Baseball's steroid program weighs in as skimpy

Critics fear penalties light compared with rewards for pumped-up statistics

December 27, 2003|By Peter Schmuck | Peter Schmuck,SUN STAFF

Major league baseball players should be leaner and cleaner when spring training camps open in February, at least in theory.

The specter of random steroid testing should discourage players from bulking up with performance-enhancing drugs and level the playing field for the athletes who have been pumping up their bodies - and their statistics - the old-fashioned way.

At least in theory.

The new testing and enforcement program was triggered when 5 to 7 percent of major league players tested positive for steroid use in anonymous testing conducted last spring. But troublesome questions about the effectiveness of the testing program and the disciplinary measures laid out in the most recent baseball labor agreement leave the potential impact of the program open to debate.

Will the threat of fines, suspensions and embarrassing public exposure prompt baseball's buff brigade to shed some of that excess muscle this winter?

Or will the huge financial rewards that come along with those bigger bodies and bigger statistics just send players farther underground in their pursuit of the perfect physique?

Experts on performance-enhancing drugs are understandably skeptical of the steroid plan that was reached in August 2002 by Major League Baseball and players union negotiators. The penalties for a first and second positive test are relatively light compared with those for steroid users in professional football and basketball, and the baseball program so pales in comparison to international steroid regulation that World Anti-Doping Agency director Dick Pound recently called it "a joke."

Baseball players testing positive a first time would be required only to undergo "treatment," and their names would not be made public. Subsequent offenses would be met with progressively harsher disciplinary action, though the $10,000 fine or 15-day suspension that comes with a second positive test hardly seems like a major deterrent in a sport where 10 extra home runs might be worth another $1 million in salary arbitration.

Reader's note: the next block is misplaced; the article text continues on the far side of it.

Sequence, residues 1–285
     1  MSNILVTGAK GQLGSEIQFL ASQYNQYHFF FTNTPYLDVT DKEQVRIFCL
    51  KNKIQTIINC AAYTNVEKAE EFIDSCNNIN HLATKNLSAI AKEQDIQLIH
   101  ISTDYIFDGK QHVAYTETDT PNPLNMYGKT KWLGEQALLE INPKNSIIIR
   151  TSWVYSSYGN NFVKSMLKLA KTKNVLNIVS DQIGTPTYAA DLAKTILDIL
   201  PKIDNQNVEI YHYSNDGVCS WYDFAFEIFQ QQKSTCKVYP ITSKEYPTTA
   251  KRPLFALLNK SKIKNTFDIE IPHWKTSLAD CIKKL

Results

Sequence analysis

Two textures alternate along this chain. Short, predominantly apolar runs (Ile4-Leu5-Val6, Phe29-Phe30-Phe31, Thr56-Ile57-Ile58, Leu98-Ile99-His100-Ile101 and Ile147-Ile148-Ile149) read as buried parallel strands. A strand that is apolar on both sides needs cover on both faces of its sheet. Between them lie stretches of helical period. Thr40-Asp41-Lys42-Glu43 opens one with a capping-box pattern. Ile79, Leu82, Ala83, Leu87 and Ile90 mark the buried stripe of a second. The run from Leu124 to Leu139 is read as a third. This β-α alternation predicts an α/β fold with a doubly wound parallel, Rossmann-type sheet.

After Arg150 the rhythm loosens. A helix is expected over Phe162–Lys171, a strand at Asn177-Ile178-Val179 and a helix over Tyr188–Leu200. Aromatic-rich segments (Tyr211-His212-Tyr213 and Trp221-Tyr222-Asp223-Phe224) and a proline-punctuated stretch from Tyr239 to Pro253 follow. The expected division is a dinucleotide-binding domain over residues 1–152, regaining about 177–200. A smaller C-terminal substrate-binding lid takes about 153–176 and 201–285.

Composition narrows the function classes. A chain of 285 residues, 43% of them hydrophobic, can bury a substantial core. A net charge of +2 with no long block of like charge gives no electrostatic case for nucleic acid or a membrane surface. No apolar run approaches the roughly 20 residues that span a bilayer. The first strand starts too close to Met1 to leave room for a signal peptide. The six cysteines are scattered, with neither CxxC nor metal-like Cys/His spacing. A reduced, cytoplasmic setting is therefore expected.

NFL players testing positive for banned substances the first time face a four-game suspension (one-quarter of the regular season) and six games the second time. First-time NBA offenders are suspended for five games of an 82-game season and for 10 games for a second positive test.

Charles Yesalis, professor of health policy at Penn State and a leading expert on performance-enhancing drugs, sounds far from convinced the program will lead baseball's millionaire steroid users to go back to pumping up old school.

"I can't believe that the elite players, with all their money and resources, would have to opt for that alternative," Yesalis said. "They've got four or five months before the season starts. They could take low doses of testosterone and cycle off before the testing begins."

The 4 1/2 -month gap

The fact that the program calls for testing during only the 7 1/2 months the players actually work in uniform each season (spring training and the regular season) leaves a serious hole in the potential effectiveness of the steroid policy, because players could bulk up well into the offseason and maintain the resultant muscle mass throughout the season without ever testing positive.

"If you take oral-acting steroids and don't have too much body fat, your urine could test negative in a couple of months," said Dr. Harrison Pope, a Harvard University professor who studies the effects of performance-enhancing drugs at McLean Hospital in Belmont, Mass. "In theory, if you're not going to be tested for several months, you could take a lot of steroids and build a lot of muscle mass and not test positive, and you can retain some of that muscle mass for years if you continue to work out regularly.

"It would certainly be possible to take steroids in the fall and avoid testing positive in the spring of next year."

The structure of the steroid program reflects the industry's long-standing ambivalence toward performance-enhancing drugs. Steroid rumors were rampant during baseball's home run explosion of the late 1990s - and Mark McGwire's record 70-homer performance in 1998 was slightly tarnished by his acknowledged use of the legal pseudosteroid androstenedione - but Major League Baseball did not seriously address the issue until startling accusations by Jose Canseco and Ken Caminiti caused a major public relations crisis in 2002.

Caminiti said in a Sports Illustrated interview that more than half of major league players were using steroids. Canseco, who became the subject of steroid rumors soon after he arrived in the majors in the 1980s, put the number even higher. Those revelations prompted calls for a testing program from a most unexpected place - the clubhouse. The players union has long opposed drug testing of any kind, but union officials could not ignore calls from influential players to find a way to keep the scandal from tainting everyone in the game.

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